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“A wonderful father, husband and friend”: Remembering the former Cheshire tennis champion who became Hale’s first Covid-19 victim

A former Cheshire tennis champion described as a “wonderful father, husband and friend” has become the first Hale resident to die of coronavirus.

A former Cheshire tennis champion described as a “wonderful father, husband and friend” has become the first Hale resident to die of coronavirus.

William Cochrane, 83, died on May 3rd, four days after being taken into Wythenshawe Hospital. He leaves Christine, his wife of almost 60 years, and children Richard, Elizabeth and James.

William was a well-known figure in Hale, having lived for many years on Appleton Road.

The grandson of former Manchester United player and Manchester City manager Alec Bell, he was born in Old Trafford in 1939 and was quickly evacuated to Bury, where he grew up while his father was on military duty.

William (seated bottom right) with family including wife Christine (left) last Christmas

Although he returned to Old Trafford after the war and grew up close to Sir Matt Busby, William’s father Donald was keener on tennis and coached his son to the extent that his team-mates on the Stretford Grammar School first team were all three years older than him.

He later joined the Northern Lawn Tennis club where his sporting career really took off, and he won the Cheshire County Men’s Singles title in 1961, followed by the doubles title in 1962. He went on to captain Cheshire for three years from 1968.

William worked for over 50 years alongside his brother Ian and later sister Jeannie for the family drapery business, based on Thomas Street in Manchester.

William was Cheshire County tennis captain for three years, and was men’s singles champion in 1961

A respected member of the community in Hale and Altrincham and a regular parishioner of St Vincent de Paul Church, he collected outside church for 40 years, raising over £300,000 for CAFOD and the St Vincent de Paul Society.

He was a member of Ringway Golf Club for several years before enjoying the last 10 years at Hale Golf Club, and had been in excellent health – enjoying gardening and touring the country in a camper van with wife Christine – before catching Covid-19 in April.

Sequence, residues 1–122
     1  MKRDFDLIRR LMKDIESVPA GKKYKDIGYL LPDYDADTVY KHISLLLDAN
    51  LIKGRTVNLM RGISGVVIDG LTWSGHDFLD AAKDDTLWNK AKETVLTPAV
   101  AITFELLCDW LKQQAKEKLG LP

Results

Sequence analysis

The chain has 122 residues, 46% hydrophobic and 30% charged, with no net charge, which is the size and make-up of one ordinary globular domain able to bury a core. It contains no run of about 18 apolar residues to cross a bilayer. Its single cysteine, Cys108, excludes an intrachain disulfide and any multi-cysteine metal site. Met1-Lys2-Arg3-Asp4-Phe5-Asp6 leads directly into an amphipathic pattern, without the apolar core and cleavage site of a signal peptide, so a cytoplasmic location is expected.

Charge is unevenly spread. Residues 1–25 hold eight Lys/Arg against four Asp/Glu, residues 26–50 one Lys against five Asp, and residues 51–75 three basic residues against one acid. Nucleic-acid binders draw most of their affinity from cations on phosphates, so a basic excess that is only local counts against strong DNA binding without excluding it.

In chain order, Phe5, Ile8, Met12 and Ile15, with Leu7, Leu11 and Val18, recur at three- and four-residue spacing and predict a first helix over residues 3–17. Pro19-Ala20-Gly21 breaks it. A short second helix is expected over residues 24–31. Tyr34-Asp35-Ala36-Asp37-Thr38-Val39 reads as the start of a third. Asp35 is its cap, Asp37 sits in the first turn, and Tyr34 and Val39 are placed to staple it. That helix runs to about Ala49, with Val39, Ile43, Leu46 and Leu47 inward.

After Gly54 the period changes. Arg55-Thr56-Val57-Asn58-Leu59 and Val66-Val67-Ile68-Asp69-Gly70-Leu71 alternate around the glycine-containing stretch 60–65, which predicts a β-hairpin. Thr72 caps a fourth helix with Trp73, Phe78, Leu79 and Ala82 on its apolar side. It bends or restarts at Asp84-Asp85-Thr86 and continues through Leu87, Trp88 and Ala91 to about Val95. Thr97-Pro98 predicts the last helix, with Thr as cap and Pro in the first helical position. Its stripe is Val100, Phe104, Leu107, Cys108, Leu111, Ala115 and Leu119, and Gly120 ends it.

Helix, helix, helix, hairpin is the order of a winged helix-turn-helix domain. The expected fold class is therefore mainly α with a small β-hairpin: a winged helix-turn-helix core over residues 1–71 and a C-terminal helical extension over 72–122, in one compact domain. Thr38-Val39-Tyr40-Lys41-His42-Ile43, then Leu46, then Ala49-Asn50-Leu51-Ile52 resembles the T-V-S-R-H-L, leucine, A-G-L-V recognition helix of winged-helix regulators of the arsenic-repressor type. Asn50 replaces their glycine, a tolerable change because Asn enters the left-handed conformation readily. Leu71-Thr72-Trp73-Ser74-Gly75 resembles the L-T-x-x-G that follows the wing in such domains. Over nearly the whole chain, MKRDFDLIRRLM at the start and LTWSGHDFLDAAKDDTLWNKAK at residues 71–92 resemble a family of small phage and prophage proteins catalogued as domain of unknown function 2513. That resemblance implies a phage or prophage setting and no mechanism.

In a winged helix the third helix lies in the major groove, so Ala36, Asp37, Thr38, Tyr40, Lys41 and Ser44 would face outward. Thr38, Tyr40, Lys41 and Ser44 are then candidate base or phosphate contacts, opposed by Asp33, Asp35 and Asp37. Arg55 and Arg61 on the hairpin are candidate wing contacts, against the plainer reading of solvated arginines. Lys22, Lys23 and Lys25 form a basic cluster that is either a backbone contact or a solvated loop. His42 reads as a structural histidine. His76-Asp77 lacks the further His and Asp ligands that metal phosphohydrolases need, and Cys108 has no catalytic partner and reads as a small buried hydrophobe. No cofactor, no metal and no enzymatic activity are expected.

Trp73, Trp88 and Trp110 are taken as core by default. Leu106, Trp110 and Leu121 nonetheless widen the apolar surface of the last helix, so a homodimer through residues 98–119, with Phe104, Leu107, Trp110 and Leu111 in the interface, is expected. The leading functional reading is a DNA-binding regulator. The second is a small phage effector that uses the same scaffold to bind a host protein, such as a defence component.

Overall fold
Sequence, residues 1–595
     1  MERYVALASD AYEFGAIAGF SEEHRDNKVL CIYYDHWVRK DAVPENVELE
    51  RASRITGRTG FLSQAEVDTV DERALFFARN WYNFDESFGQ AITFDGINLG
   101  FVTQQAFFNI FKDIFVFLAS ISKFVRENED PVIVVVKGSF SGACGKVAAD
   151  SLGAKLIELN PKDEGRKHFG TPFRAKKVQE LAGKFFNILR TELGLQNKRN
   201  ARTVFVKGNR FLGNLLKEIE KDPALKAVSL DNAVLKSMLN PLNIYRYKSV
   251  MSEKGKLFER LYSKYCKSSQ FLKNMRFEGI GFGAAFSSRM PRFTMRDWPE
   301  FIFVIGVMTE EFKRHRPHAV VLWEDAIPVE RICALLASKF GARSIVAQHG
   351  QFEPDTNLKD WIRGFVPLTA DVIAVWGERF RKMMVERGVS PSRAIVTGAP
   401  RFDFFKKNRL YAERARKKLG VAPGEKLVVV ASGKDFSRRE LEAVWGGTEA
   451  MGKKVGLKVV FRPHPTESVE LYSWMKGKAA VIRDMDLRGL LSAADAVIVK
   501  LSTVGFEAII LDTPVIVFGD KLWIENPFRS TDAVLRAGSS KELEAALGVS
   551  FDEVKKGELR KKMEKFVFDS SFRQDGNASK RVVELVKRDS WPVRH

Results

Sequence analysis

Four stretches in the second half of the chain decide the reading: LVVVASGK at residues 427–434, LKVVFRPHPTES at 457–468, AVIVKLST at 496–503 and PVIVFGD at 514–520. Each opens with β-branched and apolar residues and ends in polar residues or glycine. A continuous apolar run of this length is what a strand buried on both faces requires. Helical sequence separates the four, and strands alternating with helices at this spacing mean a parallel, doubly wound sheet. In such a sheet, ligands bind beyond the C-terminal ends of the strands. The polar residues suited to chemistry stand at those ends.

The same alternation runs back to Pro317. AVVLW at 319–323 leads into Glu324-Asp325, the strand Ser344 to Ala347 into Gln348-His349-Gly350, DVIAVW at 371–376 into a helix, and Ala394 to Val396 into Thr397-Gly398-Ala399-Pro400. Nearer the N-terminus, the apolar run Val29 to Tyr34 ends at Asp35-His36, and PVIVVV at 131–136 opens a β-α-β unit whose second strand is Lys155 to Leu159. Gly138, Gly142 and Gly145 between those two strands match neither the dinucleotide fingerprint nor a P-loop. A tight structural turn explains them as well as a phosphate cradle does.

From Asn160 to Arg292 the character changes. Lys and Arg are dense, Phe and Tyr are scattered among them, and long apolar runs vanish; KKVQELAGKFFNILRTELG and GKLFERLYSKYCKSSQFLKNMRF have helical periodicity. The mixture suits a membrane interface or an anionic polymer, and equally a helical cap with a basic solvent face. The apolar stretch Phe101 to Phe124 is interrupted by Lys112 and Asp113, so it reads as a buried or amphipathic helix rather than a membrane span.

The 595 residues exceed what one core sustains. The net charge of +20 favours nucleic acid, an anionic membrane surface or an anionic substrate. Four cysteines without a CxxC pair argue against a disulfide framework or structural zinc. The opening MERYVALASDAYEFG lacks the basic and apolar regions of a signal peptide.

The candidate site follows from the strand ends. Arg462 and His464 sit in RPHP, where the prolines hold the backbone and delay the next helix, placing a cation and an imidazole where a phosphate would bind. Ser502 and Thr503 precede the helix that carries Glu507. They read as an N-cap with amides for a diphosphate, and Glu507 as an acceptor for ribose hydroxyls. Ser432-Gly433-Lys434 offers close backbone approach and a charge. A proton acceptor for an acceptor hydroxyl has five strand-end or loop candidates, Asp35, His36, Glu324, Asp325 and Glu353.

Lockdown restrictions ensured that his final chapter was extremely hard for his nearest and dearest, but two extraordinary moments managed to comfort the family.

The first came on the NHS clap night, four days after William’s death, when residents of Appleton Road each brought a flower to the roadside that they combined into a bouquet and presented to Christine.

Four days after William’s death, neighbours on Appleton Road each brought a flower to the NHS clap to make a bouquet for his wife, Christine

And then, with only 10 members of the family allowed to attend the actual funeral, hundreds lined the route as William’s hearse departed Appleton Road, with a sole bagpiper playing outside the family home in what proved to be a profoundly moving moment for all who were there.

His youngest son, James, said: “We were greatly heartened by the hundreds who turned out at the roadside to pay their respects as dad made his final journey.

A bagpiper plays as William’s hearse begins his final journey on Appleton Road

“A most welcome bagpiper from the SVP charged the air with emotion, tears were wept as we waved goodbye to William on a sunny, breezy day.

“Old tennis friends raised their rackets aloft in a salute with heads bowed as an incredible gesture of respect, love and support. Those gathered will never forget this.”

James added: “William lived well and worked hard. We knew him as a wonderful father, husband and friend. The family are devastated by his loss. A fine man has left us in these strangest of times.”

You can donate to The William Alexander Cochrane Candlelight Fund here.

Some of those who lined the route from William’s house on Appleton Road included members of Hale Tennis Club, who waved racquets as a nod to his prowess on the tennis court